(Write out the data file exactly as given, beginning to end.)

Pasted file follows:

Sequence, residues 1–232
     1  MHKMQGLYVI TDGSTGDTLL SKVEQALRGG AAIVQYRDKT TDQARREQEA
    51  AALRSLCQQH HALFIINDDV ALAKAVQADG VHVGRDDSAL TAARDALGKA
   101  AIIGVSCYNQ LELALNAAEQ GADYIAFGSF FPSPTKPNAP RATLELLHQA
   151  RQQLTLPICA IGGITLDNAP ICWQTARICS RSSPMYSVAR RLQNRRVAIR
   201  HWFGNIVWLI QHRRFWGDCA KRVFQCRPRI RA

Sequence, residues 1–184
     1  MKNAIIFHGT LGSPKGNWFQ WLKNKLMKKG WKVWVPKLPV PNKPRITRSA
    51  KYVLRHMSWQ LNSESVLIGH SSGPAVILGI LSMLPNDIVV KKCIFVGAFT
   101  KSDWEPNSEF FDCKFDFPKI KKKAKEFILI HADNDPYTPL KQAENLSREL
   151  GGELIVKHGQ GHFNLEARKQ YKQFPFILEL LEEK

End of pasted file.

Sequence, residues 1–232
     1  MHKMQGLYVI TDGSTGDTLL SKVEQALRGG AAIVQYRDKT TDQARREQEA
    51  AALRSLCQQH HALFIINDDV ALAKAVQADG VHVGRDDSAL TAARDALGKA
   101  AIIGVSCYNQ LELALNAAEQ GADYIAFGSF FPSPTKPNAP RATLELLHQA
   151  RQQLTLPICA IGGITLDNAP ICWQTARICS RSSPMYSVAR RLQNRRVAIR
   201  HWFGNIVWLI QHRRFWGDCA KRVFQCRPRI RA

Sequence, residues 1–184
     1  MKNAIIFHGT LGSPKGNWFQ WLKNKLMKKG WKVWVPKLPV PNKPRITRSA
    51  KYVLRHMSWQ LNSESVLIGH SSGPAVILGI LSMLPNDIVV KKCIFVGAFT
   101  KSDWEPNSEF FDCKFDFPKI KKKAKEFILI HADNDPYTPL KQAENLSREL
   151  GGELIVKHGQ GHFNLEARKQ YKQFPFILEL LEEK